Podgorica Culture - Part II
Islamic influence was reflected in all cultural manifestations of this territory. Medieval art, embodied only in architecture and painting of smaller churches was the only equivalent to the Turkish wave, which left little, characteristic, important material, culturally – historical, and architectonic monuments. From the 5 century domination of the Turks we have Vezirov most (VIZIRE’S BRIDGE) on Moraca, which was ruined in 1944 when the Germans were leaving the town, and mosques of Glavatovici and Osmanagici. The greatest part of the manuscript literature is of a religious character with ornament details, in Turkish and Arabic language. The greatest part of the churches were ruined by the Tursk, and the people renewed them starting from the XVIII century. During the Turkish reign in Podgorica there was a school for Muslim children, and the Christian citizenship only in the last decade of the XVIII got the permit for the opening of the primary school. From this period with its significance and beauty stands out the Turkish bath – Banja (SPA), on the banks of Ribnica, which currently is the meeting place of the intellectuals and artists, and devotees of the book.
The liberation of Podgorica was the opening of the town towards the new culturally – historical horizons. Without the professional culturally artistic institutions, amateur associations were the carriers of the cultural development of Podgorica. Theater activity is being organized form the so called Podgorica dilettante association “Napredak” (PROGRESS). First Podgorica’s singing association named “Branko” was founded in 1892, and it lived for 50 years not breaking its, for society, extremely important work. Male mixed choir, tambourine orchestra, and the small saloon orchestra made the association which was mostly assembled from Podgorica’s tradesman and craftsmen. In a shorter period of time the association also started a lower music school. Drama, choir, and reciting section of KAA Abrasevic, which was founded in 1924. often faced problems with the authorities of the town. Namely, the revolutionary action and program orientation which was led by Stanko Dragojevic, faced with prohibition of every kind of activity, arrests and in the end with the abolition of the association itself in 1936. The cultural life of Podgorica in this period was determined by the Folk University, Working home, and the Club of students. Rural areas often had modest but important libraries and reading rooms, which were managed by the teachers and the students. The lack of space adequate for engaging in culturally artistic contents largely impeded the development of culture in Podgorica. The city library, which originates from the period of the World War I could not have been restored interesting, the first movie hall was built in 1932, and until then the projections were given in the hall of the hotel “Imperijal” (IMPERIALIST), as well as the majority of other culturally artistic events.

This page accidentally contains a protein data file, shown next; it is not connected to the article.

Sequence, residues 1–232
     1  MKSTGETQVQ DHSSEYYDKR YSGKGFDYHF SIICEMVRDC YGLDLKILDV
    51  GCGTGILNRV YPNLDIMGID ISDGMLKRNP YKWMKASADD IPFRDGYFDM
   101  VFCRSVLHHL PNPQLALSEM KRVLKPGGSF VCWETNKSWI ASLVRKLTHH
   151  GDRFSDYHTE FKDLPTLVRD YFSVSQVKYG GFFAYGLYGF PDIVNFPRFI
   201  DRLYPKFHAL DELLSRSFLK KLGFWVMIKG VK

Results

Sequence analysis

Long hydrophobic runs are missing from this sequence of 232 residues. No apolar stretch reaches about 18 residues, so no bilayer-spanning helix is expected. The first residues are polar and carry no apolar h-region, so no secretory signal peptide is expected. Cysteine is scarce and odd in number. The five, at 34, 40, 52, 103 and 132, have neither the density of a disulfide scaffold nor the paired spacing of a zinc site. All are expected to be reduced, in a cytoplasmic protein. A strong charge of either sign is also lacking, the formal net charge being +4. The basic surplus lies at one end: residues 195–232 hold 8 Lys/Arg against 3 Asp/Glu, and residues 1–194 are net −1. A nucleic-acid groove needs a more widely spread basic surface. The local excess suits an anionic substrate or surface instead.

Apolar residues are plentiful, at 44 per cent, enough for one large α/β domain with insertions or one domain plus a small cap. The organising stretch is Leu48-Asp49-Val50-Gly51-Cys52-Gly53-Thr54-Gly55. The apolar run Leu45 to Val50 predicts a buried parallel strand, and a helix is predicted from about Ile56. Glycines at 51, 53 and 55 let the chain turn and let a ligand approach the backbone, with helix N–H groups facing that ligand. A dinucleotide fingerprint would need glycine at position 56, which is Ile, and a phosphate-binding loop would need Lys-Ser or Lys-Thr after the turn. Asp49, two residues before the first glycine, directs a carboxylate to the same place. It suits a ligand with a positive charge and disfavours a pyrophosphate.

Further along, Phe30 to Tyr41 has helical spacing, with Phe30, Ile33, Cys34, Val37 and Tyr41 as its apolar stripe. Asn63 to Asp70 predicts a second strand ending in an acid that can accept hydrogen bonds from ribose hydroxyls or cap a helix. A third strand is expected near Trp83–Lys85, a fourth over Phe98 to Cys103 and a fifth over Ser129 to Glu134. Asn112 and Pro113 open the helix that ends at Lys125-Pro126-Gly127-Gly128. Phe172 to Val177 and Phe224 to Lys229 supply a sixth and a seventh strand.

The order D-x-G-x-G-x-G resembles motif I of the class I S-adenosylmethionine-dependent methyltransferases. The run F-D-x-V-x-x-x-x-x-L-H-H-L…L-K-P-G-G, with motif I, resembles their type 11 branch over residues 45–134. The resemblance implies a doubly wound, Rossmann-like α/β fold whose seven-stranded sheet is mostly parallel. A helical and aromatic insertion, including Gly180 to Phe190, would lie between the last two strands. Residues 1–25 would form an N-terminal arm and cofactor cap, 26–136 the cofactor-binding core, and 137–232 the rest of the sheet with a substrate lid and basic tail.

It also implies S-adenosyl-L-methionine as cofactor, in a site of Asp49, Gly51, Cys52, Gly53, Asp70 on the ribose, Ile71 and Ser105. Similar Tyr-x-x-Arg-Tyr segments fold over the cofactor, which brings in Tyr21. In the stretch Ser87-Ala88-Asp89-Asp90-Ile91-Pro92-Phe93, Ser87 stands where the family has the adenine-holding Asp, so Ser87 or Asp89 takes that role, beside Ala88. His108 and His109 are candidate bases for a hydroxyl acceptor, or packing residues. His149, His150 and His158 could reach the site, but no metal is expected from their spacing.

1930’s bring also the development of the literary life in Podgorica. The appearance of literary papers, as well as those which were arranged y the Podgorica’s pupils and students, gave a new dimension to the written word in the culture of the present capital town. The first paper appeared in Podgorica in 1907, and somewhat later, with the development of the political action we can also see some paper of political profile appearing, as well as several expert papers which didn’t last long.
What is interesting, the sport life of the town begins in the 1920’s, and since its beginning it carried the characteristics of class clashes – civil and regime sport club “Balsic” and work sport club “Buducnost” reflected the division and class intolerance if the citizenship.